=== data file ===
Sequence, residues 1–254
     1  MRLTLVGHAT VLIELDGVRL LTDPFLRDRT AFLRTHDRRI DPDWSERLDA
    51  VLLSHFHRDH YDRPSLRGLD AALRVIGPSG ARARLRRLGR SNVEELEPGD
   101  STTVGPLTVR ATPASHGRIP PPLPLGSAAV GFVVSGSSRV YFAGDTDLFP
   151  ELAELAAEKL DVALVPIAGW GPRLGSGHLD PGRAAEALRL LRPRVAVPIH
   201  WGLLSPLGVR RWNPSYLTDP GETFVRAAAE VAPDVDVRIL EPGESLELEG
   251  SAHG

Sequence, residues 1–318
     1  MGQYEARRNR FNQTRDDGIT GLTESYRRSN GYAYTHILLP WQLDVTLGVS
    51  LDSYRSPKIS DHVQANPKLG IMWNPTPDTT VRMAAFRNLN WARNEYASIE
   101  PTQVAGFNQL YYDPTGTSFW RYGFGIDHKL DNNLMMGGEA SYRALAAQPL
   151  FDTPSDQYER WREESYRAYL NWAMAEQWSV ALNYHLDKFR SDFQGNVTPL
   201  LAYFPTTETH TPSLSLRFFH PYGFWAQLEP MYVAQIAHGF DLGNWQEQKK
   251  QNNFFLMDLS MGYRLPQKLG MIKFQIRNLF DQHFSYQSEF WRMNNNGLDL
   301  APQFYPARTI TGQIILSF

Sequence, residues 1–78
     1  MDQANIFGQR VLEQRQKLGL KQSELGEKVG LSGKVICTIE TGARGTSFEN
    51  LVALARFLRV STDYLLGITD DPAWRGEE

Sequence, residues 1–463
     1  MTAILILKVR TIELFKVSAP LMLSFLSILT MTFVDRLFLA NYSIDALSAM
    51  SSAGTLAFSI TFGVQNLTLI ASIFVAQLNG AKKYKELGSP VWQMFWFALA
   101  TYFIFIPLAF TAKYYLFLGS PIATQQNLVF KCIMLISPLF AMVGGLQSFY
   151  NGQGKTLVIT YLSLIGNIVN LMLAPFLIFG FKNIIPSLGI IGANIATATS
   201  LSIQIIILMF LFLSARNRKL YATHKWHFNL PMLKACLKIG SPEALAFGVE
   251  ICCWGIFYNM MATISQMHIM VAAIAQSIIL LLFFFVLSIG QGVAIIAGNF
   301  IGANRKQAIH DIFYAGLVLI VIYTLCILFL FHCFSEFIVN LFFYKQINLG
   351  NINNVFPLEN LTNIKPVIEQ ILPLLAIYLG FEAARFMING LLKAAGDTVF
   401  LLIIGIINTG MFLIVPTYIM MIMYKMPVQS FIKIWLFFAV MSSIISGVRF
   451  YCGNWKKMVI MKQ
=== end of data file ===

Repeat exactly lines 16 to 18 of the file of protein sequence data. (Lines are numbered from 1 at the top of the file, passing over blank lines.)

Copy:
Sequence, residues 1–78
     1  MDQANIFGQR VLEQRQKLGL KQSELGEKVG LSGKVICTIE TGARGTSFEN
    51  LVALARFLRV STDYLLGITD DPAWRGEE